Green light to remove Peak District electricity pylons despite wildlife objections
A major scheme to remove seven electricity pylons and two kilometres of overhead power lines in the Peak District is set to go ahead - despite objections from wildlife campaigners.
The pylons, which cover a distance of 1.8km from Dunford Bridge in the Peak District National Park to Wogden Foot, will be removed, and replaced by underground cables, which will run beneath the Trans Pennine Trail, from the entrance of the Woodhead Tunnel to a proposed new end compound.
Improvements will also be made to the car park at Brook Hill Lane, and a temporary Trans Pennine Trail used for about 18 months while construction is ongoing.
Two bridges will also be erected over the River Don - one temporary and one will be made permanent.
The proposal is one of four National Grid visual impact provision projects which aim to use £500 million from Ofgem to move electricity cables underground in nationally important landscapes.
The aim of the project is to reduce the visual impact of existing electricity infrastructure in Areas of Outstanding Natural Beauty and national parks.
Objecting to the plans, Laura Hobbs, from the Yorkshire Wildlife Trust, told Barnsley Council's planning board: “This application would result in permanent loss of part of Wogden Foot local wildlife site.”
Pete Wall, of the Barnsley Biodiversity Trust, raised concerns over the habitat of the rare Willow Tits that populate the area.
He said: “Coal mining brought a lot of prosperity to Barnsley but when it left, it left a lot of habitat that needed improvement and we've done a lot of work on that.
“Our area was chosen against all the odds to be one of only 10 nature improvement areas by the Department for Environment, Food & Rural Affairs in 2011.
“Yorkshire Wildlife Trust is leading a national ‘back from the brink’ project on willow tits to protect and learn about them.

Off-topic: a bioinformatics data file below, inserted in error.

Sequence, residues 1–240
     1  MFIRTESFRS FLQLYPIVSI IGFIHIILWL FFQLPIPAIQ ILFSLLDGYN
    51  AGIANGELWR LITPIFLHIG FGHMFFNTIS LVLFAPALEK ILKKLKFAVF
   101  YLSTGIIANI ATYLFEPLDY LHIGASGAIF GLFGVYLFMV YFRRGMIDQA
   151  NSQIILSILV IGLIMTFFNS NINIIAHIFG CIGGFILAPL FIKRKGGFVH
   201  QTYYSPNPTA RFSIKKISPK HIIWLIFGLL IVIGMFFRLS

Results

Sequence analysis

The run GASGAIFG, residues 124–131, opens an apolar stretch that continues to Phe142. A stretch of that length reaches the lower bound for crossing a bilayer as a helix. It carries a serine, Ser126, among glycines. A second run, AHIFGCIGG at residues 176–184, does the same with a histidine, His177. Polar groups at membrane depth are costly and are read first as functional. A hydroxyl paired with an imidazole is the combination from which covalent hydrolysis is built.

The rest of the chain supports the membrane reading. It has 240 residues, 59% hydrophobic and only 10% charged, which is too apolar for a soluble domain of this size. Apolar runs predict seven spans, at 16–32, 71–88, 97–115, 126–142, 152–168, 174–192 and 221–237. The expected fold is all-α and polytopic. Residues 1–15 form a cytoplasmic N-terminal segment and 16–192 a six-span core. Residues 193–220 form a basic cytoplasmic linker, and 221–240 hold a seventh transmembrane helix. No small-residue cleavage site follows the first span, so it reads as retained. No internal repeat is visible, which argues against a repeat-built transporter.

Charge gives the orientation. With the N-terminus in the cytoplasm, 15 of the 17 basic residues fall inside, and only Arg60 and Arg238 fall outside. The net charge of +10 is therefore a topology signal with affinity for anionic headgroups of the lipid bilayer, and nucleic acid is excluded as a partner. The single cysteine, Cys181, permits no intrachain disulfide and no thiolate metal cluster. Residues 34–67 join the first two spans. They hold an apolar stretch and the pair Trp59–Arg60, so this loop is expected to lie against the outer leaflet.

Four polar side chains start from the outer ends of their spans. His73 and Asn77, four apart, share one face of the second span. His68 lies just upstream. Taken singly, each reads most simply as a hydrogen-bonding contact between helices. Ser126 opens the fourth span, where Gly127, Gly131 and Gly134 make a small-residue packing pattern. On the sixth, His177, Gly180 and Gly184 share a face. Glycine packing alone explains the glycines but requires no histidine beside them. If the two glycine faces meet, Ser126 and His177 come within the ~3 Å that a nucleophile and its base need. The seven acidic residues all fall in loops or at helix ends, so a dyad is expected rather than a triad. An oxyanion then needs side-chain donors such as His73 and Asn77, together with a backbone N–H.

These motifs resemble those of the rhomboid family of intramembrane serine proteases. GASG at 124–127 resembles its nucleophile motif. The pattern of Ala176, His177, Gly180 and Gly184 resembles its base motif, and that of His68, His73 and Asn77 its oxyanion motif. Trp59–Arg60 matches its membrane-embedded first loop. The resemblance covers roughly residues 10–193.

“Willow tits are the most endangered species in the UK, but we've still got a decent population in Barnsley and we're getting visitors to come and look at them.
“For me, willow tits epitomise Barnsley's fight back from its bleak, industrial past.
“We’d love to see these pylons removed in a well-managed scheme, but this isn’t it. They are not more important than the extinction of a bird species.”
Chris Baines, VIPP stakeholder advisory group chairman, said: “We selected this scheme as one of only four of its kind, following assessment of more than 100 alternatives.
“The valley around Dunford Bridge is beautiful - a classic dark peak. Removal of the pylons and power lines will mean people can enjoy this truly natural beauty for the first time in generations.
“There are clear plans to minimise short-term disturbance and invest in both habitat restoration and full reinstatement of the trail.
“I'm confident the ecological integrity of the valley and its nature reserve can be sustained following the operation.
“If approved, this will be the first project of its kind in a national park anywhere. It will be transformational for the Upper Don Valley and I believe it will bring huge long-term environmental, recreational and economic benefits.”
Councillors approved the scheme.